Many diseases display large between-patient heterogeneity in their time of onset, course of development, symptoms, severity, and treatment response. Understanding and control the genetic and environmental factors that generate these differences are crucial for the development of personalized medicine and may largely improve diagnosis, prognosis, and treatment protocols. Variation in the regulatory sequences of disease genes were shown to be involved in the generation of inter-patient, gene-expression variation [1,2,3,4,5,6,7], but sequence mutations alone were failed to explain the range of observed variations [8, 9]. Likewise, studies of regulatory epigenetic mutations revealed significant contributions to variation in gene expression, but descriptions of the full range of variation were seldom attained [10].

Whereas transcriptional enhancers were intensively studied [11], less is known about the mechanism of transcriptional silencing, its interaction with enhancers, and its possible effect on gene expression-variation. Transcriptional silencers are DNA sequences that upon binding of repressors or co-repressors reduce the transcription potential of linked promoters [12,13,14,15,16,17]. Interestingly, gene silencing is not the obligatory functioning of these loci. Rather, they may swap between silencing and enhancing effects in alternate cellular contexts [18,19,20,21,22,23]. Indeed, both enhancer and silencer loci were associated with variable chromatin states and bound activators and repressors, over alternate cellular conditions [24,25,26,27,28,29,30]. However, the molecular mechanisms that control the switching between silencer and enhancer functionalities were not defined. Moreover, while silencers and enhancers were showed to cooperate in the regulation of gene transcription [25], their participation in the producing of inter-individual expression variation remained unclear.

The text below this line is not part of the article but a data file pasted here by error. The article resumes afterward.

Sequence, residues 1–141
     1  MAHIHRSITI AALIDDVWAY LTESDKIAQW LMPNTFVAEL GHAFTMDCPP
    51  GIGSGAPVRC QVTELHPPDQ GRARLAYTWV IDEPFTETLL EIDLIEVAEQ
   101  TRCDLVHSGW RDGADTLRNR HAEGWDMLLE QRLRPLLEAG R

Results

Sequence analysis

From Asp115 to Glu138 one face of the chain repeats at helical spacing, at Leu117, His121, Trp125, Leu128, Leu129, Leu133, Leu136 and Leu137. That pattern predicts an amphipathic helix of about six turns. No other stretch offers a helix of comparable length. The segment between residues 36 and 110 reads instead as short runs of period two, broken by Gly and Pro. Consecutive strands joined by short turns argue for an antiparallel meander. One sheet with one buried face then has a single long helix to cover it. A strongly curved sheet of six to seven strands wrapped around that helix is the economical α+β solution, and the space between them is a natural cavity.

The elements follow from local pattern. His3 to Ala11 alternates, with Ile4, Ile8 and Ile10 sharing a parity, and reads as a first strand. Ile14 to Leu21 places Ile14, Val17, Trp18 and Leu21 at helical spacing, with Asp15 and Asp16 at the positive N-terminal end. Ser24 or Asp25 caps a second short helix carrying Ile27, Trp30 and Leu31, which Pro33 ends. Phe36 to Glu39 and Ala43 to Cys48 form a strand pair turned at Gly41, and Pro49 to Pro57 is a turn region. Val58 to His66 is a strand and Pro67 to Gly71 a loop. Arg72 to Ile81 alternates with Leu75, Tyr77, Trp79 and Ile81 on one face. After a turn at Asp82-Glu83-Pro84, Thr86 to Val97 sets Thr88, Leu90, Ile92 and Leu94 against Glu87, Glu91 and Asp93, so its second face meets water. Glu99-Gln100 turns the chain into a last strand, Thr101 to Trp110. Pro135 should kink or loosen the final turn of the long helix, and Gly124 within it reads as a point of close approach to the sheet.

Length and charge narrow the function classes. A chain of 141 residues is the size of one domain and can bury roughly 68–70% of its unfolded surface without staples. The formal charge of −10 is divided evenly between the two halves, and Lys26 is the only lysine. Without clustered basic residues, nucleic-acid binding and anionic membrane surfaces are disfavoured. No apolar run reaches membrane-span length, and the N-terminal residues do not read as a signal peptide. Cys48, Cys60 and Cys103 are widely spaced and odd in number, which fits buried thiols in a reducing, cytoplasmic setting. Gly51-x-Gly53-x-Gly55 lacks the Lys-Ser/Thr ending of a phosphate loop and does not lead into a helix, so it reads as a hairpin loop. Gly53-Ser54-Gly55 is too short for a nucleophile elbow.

Here, we explored methylation-related variation in the mode-of-action and activity level of gene-associated silencers and enhancers, under controlled conditions as well as in intact cancer genomes. Based on this, we described an essential mechanism which drives differences in harmful gene activities among glioblastoma patients.


High-resolution mapping of regulatory methylation sites